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New Materials for Solid-State Batteries


   School of Chemistry

   Applications accepted all year round  Self-Funded PhD Students Only

About the Project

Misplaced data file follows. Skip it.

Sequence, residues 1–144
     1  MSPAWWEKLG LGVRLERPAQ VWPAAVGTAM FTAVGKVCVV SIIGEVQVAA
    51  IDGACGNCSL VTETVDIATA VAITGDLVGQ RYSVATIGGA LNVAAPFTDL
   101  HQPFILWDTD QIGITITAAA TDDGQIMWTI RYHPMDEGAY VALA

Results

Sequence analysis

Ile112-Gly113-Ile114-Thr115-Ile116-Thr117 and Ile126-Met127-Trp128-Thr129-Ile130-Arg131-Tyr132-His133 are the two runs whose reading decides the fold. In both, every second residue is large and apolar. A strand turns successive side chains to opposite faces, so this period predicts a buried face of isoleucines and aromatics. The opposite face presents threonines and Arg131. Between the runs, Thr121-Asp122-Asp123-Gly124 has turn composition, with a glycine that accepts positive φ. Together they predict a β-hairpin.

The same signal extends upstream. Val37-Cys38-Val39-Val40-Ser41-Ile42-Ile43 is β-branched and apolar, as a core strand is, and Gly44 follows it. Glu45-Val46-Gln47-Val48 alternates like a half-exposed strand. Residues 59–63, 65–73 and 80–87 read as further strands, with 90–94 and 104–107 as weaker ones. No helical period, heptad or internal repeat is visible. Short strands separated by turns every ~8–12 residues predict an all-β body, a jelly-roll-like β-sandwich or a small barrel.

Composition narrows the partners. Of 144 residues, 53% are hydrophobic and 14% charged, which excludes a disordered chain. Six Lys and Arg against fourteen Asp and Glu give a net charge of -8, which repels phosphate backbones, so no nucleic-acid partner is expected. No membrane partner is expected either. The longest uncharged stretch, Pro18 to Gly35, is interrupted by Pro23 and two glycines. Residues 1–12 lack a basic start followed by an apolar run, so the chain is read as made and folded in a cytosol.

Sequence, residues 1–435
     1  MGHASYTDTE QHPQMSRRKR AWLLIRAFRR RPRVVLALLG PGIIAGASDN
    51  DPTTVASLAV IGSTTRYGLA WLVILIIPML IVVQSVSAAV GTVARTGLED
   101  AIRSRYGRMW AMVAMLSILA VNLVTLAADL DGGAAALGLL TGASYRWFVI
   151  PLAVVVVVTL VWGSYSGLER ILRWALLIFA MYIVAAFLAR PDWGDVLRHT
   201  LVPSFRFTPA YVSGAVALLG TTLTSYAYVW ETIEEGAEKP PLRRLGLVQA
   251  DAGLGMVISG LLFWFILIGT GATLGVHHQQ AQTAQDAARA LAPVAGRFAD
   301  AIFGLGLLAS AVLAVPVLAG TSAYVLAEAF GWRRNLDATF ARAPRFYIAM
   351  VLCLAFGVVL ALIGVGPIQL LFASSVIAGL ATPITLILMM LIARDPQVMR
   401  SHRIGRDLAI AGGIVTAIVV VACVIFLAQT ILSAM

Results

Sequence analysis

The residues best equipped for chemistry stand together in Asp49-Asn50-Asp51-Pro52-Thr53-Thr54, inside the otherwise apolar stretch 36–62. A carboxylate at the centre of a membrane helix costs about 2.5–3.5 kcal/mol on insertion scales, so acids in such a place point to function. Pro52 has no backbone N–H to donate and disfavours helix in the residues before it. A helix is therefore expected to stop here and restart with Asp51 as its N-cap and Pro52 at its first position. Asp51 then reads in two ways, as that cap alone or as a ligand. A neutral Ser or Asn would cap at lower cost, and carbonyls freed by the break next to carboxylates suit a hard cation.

Rechargeable lithium-ion batteries are widely used in mobile applications. However, concerns about the availability of lithium and cobalt raw materials suggest alternative materials may be needed in future large-scale applications. This PhD project in solid-state materials chemistry will investigate alternative battery materials based on sodium. The materials to be targeted will be new families of mixed-metal sulphides. The high polarizability of the sulphide anion will aid diffusion of the sodium ions, on which the operation of the battery depends. The focus will be on relatively open framework structures containing large pore volumes. This will provide suitable sites for the incorporation of sodium ions during operation of the battery. The selection of materials to be investigated will be driven by the need to contain earth-abundant elements with a range of accessible oxidation states, to facilitate the redox processes that accompany the shuttling of sodium ions during the charge/discharge process. The project will combine materials synthesis by conventional high-temperature methods with novel mechanochemical and solvothermal approaches. Initial in-house characterization of the materials will exploit a combination of powder X-ray diffraction and electron microscopy. These investigations will be complemented by neutron diffraction and synchrotron X-ray diffraction measurements at the nearby ISIS and Diamond Facilities respectively. The energy storage performance of the materials will be evaluated through the construction of test cells for electrochemical studies.


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